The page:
Cambridge Audio A5 Amp with Arylic Up2stream Mini V3 Streamer

Here is a project I completed recently that this forum may be interested in. It is based on a 1998 Cambridge Audio A5 hifi stereo amplifier. I’m a hobby electronics enthusiast who repairs, refurbishes, upgrades and tests mainly vintage amplifiers, tuners and receivers.

I bought the CA A5 ‘for spares or repair’ from eBay and then set about repairing and recapping it with top quality hifi audio grade Nichicon electrolytics. There were numerous faults associated with the pre-amp stage voltage regulators so they were replaced. The amplifier is the Mk1 variant that makes use of discrete transistors in the power amp stage rather than the later Mk 2 that uses IC modules instead.

The amplifier has a slot with connectivity for a OEM phono stage to be optionally fitted so I decided to make use of this space by designing a daughter board that would interface to the Acrylic Up2stream Mini V3 module.

It’s a simple circuit that:

  • Uses a DC-DC converter to take power from the amplifier main power supply rail and convert it into the necessary 5VDC,

  • Connects the left and right streamer audio into the amplifier line level (links removed from the A5 amplifier PCB to disconnect the rear panel phono sockets), and

  • Provides connectivity for a pair of front panel output LEDs and a rear panel on/off/WPS switch.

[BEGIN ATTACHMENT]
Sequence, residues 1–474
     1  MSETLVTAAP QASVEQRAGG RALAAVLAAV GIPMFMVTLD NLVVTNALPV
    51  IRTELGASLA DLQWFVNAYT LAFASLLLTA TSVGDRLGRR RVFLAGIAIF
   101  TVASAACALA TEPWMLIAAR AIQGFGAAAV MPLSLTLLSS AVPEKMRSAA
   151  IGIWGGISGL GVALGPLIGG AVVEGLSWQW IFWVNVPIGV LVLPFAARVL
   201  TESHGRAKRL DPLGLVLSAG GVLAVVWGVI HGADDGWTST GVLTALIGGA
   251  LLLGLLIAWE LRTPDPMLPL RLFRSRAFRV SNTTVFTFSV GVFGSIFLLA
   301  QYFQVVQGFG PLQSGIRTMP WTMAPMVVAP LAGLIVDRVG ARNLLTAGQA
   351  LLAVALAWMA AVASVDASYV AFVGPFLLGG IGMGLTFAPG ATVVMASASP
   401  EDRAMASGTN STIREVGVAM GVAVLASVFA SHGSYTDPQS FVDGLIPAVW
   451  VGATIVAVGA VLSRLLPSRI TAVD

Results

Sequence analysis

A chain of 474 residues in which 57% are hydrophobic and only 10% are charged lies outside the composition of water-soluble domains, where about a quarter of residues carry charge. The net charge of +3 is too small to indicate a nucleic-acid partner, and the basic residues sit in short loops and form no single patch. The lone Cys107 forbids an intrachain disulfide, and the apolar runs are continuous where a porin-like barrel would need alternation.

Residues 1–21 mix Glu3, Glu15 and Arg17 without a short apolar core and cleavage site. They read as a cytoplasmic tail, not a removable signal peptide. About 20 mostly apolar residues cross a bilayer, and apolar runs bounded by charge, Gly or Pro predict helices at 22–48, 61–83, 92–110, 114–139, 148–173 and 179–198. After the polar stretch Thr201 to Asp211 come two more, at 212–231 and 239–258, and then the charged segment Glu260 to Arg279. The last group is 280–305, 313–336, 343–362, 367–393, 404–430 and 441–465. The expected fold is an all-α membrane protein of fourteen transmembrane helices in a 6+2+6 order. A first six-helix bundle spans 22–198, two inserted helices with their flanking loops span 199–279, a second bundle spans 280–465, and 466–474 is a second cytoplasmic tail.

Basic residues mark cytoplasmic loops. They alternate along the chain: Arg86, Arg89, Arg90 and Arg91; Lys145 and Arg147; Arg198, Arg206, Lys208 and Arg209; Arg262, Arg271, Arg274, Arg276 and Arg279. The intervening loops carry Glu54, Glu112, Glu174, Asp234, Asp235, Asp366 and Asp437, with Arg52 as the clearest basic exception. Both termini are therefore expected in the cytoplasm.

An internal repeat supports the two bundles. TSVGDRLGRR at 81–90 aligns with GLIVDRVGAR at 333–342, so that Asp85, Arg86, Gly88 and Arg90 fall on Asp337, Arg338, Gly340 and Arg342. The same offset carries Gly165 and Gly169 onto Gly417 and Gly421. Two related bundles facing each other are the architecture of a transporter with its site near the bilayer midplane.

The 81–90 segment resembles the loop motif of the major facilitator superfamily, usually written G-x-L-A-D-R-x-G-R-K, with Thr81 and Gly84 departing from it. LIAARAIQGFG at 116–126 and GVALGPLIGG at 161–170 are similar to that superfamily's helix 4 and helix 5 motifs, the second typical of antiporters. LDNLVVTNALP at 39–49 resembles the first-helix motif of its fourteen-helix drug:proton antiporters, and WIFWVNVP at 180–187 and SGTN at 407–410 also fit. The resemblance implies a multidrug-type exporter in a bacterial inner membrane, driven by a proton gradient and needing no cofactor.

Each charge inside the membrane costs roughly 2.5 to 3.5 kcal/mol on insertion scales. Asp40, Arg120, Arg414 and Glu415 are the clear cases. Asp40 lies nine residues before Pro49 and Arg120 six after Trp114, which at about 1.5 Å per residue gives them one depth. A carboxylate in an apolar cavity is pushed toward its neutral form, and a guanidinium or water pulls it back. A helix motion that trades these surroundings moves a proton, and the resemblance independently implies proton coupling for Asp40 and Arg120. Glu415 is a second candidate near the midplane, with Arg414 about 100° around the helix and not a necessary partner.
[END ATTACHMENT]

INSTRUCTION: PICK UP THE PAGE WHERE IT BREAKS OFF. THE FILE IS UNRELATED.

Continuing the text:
The Up2stream Mini V3 doesn’t have header pins for all, so if you look at the photo carefully you can see I removed then wired directly the power connector and push button.

The circuit and PCB was designed to be general purpose so I could use it for other similar projects.

Here is the Up2stream Mini V3 fitted for initial testing. This picture was taken before I’d finished so the rear aerials and LEDs were not yet fitted. External bluetooth and wifi aerials are necessary as, unlike some vintage equipment, the case is made of steel.

On the rear of the A5 amp I fitted the two aerials and a switch to reset the Up2stream Mini V3. Almost looks OEM.

And here is the front panel with two LEDs. With hind sight, I wish I’d only fitted a single LED for the wifi as it would look more professional. Hey ho.

As usual, I tested the amplifier frequency response, THD v.s. power output to make sure all within OEM specification. For this amplifier, I also tested the frequency response through the Up2stream Mini V3. The streamer is pan flat, but does introduce is a brickwall filter at 17kHz whereas the amplifier is nearly flat to 20kHz. The 0.74dB inaudible difference between left and right could be corrected with the Arylic software tools.

If you look this week, you will see this Cambridge Audio A5 amplifier advertised on eBay. It’ll be interesting to see what it fetches.

What do you think?


Looks very nice! Well done :+1:

1 Like

Pretty cool upgrade for the old amp, and this is exactly this little board targeted. And you should really consider the DAC board for better sound as the internal DAC is a bit normal for a hifi amp. The DAC board used the ES9023 chipset and will have better performance and hearing experience.

1 Like

Thanks for presenting your interesting project :+1:. I hope all the hard work pays off in the eBay auction :crossed_fingers:. You seem to be a gambler by setting a start price of only £0.99; I could not stand that pressure :woozy_face:.